Which Quebec cities, towns have pit bull laws?
Municipalities opting either for breed-specific legislation or laws targeting dangerous dogs
The death of 55-year-old Christiane Vadnais, fatally attacked in her Montreal backyard by a pit bull last month, touched off a province-wide debate about the breed some believe is inherently dangerous, while others say is harmless if owned by the right person.
Following Vadnais's death, the Quebec government convened a working group that is supposed to have legislation ready by the end of August.
But some municipalities decided they weren't going to wait for the province to act. Others already have laws in place regulating pit bulls.
Municipalities generally opt for legislation that targets either certain breeds of dogs, or consists of more general rules aimed at dogs deemed dangerous or have a mix of the two approaches.
Here is a partial list of the pit bull-related legislation in cities, towns and boroughs across the province.
Places with breed-specific legislation
- Ban to come into effect July 15.
- Residents who already own a pit bull will be allowed to keep their dogs, but must have their dog licensed by Oct. 1, 2016, sterilized, microchipped and it must wear a muzzle in public.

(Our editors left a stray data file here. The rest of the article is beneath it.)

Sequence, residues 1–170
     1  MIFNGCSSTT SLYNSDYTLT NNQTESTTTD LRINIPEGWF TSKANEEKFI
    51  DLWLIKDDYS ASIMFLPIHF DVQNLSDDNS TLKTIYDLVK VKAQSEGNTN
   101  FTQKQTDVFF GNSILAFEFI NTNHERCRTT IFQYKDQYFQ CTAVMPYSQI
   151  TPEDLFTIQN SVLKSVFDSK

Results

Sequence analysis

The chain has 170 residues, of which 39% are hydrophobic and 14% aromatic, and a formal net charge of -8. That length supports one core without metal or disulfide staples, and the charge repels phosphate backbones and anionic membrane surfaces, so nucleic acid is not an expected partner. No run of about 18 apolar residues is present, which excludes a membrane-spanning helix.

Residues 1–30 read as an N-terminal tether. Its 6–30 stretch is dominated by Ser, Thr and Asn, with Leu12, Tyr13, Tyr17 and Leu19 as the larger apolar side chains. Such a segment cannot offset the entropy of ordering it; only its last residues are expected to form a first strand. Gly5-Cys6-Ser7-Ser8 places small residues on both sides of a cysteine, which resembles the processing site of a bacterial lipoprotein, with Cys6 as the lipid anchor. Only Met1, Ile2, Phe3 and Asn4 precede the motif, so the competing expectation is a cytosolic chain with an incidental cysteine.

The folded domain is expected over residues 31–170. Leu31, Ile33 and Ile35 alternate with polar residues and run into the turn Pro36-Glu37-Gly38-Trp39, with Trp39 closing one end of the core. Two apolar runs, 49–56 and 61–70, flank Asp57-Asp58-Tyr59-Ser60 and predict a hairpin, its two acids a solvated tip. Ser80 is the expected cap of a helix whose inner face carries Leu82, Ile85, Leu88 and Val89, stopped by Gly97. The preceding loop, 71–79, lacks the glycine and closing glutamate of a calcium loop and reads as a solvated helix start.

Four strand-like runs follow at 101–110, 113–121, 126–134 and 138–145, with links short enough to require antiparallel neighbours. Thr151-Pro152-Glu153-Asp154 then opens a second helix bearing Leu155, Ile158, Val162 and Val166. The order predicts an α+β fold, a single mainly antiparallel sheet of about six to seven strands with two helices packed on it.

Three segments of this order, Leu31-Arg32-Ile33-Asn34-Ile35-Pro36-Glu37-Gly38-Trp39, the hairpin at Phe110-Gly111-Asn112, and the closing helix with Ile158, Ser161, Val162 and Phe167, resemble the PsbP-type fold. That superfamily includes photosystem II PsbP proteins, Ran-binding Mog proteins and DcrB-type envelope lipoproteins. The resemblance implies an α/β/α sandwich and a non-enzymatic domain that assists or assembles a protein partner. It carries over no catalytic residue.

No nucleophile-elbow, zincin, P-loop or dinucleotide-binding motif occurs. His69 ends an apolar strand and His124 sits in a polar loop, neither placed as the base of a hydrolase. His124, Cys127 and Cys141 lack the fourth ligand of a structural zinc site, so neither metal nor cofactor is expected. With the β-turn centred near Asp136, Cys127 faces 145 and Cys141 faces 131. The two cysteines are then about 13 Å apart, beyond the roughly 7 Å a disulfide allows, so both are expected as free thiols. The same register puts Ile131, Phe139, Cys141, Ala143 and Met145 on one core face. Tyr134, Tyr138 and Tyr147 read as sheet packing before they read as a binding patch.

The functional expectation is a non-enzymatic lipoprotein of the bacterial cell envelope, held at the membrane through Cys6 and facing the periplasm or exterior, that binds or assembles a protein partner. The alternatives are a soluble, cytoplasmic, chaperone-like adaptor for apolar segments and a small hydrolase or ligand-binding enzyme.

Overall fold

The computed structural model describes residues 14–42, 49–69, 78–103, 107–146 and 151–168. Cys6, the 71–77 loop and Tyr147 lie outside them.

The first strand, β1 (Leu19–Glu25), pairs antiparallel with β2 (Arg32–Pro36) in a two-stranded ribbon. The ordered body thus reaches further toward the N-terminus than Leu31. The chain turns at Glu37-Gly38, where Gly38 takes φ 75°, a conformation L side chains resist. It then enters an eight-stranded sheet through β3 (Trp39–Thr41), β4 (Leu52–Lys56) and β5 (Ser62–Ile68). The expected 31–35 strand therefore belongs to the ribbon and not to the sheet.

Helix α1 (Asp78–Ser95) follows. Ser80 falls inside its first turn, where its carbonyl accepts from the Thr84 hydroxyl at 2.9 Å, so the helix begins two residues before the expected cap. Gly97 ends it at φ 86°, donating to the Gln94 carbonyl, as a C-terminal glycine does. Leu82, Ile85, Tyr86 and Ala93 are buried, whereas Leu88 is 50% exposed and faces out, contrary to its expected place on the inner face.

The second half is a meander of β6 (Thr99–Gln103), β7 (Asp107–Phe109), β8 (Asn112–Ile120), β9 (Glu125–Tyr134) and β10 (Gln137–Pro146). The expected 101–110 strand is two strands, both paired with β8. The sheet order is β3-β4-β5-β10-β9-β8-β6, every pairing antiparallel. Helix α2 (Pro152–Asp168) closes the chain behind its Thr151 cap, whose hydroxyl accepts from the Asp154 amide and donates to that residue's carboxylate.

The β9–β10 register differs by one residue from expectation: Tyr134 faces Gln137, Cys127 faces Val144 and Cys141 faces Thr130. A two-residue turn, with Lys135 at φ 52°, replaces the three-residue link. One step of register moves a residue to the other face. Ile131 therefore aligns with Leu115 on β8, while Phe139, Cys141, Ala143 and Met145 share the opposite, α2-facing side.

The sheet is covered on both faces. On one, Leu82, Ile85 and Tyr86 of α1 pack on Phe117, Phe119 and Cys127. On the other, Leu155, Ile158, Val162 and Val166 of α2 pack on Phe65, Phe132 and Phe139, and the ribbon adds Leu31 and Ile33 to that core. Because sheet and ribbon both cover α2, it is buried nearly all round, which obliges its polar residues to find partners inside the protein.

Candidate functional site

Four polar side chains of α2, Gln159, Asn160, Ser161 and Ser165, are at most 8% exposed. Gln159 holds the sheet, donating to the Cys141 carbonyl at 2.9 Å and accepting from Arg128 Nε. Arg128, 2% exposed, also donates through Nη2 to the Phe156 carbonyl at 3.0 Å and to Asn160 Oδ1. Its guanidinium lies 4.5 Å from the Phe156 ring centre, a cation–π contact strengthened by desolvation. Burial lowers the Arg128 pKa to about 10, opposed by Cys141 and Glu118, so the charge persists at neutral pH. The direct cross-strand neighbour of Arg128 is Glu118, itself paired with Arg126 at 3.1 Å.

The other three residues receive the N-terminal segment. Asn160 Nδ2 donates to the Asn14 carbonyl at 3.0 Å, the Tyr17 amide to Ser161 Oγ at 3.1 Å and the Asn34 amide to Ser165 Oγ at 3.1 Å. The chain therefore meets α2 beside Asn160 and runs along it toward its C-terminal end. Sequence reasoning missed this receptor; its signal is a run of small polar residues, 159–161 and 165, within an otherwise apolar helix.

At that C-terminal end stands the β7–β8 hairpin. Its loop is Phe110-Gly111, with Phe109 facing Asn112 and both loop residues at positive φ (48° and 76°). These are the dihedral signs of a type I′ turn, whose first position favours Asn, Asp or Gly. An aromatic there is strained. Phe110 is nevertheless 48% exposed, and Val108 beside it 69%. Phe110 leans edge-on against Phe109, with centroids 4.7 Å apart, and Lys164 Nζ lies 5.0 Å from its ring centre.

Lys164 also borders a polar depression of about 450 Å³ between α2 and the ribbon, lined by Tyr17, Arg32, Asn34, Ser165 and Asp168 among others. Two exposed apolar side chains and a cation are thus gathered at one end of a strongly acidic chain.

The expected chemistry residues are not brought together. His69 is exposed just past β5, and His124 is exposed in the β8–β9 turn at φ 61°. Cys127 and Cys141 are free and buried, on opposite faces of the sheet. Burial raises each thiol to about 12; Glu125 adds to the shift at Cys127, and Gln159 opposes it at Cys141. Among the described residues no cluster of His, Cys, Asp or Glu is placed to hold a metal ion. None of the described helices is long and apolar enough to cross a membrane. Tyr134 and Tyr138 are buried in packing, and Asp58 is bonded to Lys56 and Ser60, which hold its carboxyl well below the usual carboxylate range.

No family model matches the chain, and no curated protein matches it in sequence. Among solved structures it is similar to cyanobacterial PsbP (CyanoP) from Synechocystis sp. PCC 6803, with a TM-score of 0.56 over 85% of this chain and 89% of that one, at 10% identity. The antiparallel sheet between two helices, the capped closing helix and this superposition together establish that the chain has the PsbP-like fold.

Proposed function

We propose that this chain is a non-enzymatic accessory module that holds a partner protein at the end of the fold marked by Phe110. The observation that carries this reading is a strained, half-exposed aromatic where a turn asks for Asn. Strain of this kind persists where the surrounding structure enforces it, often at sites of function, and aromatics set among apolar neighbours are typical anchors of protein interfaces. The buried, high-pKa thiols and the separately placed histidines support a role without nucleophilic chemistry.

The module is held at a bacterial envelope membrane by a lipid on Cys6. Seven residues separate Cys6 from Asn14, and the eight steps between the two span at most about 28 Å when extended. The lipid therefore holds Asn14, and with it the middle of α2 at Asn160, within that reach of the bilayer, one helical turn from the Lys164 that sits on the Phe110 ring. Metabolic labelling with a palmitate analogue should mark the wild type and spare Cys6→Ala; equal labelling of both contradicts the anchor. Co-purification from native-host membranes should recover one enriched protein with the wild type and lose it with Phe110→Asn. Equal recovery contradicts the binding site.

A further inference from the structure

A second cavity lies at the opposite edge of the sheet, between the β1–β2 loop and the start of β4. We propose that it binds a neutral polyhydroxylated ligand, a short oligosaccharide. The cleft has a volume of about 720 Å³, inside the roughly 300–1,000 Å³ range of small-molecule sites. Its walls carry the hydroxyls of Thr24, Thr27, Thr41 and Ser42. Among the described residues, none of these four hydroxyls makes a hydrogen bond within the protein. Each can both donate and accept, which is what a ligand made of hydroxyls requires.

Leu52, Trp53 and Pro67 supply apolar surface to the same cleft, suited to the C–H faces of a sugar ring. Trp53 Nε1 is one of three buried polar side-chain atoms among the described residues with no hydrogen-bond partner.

- Doesn't issue permits to dogs of the pit bull-terrier breed.
- Bans bull terrier breeds and Rottweilers as well.
- Originally had dangerous dog law, not breed-specific legislation, but caved to public pressure and implemented a pit bull ban weeks later.
- Announced in response to the mauling last year of an 8-year-old girl.
- Owners of banned breeds must have $250,000 in liability insurance, prove that their dog has passed an obedience course and have their dog fitted with a microchip.
- Bans various breeds of bull terriers.
- Kept ban in place when neighbouring towns, including Candiac, decided to go with a dangerous dog law.
- Was originally passed in 1993.
- Amended in 2014 to include dangerous dogs, not just pit bulls.
- Since 2007, bull terrier breeds are not allowed.
- Bans bull terriers but also dangerous dogs, dogs suspected of having rabies, dogs that chase or attack bystanders, cyclists or motorcyclists or dogs that have already bitten or injured someone within the city.
Places with dangerous-dog laws
- Passed a resolution asking bureaucrats to draw up new bylaws that target owners of dangerous dogs.
- Wants Ottawa to change the Criminal Code of Canada to create uniform rules across the country to deal with dangerous dogs.
- Initially implemented a pit bull ban but replaced it in April with a dangerous dog law.
Places with legislation in the works
- New bylaw expected to be in place by September.
- Will ban pit bulls across all 19 boroughs but be broad enough to also target dangerous dogs.
- Mayor Régis Labeaume announced he would ban pit bulls by 2017 but then backtracked, saying he only wanted to start a debate on the issue.
- Waiting for the province to come up with its legislation.
- Announced plans to force dogs over 20 kilograms to wear halters, but scrapped the idea July 4.
- Had a ban but citizens rallied to have it overturned. Town is still in the revision process.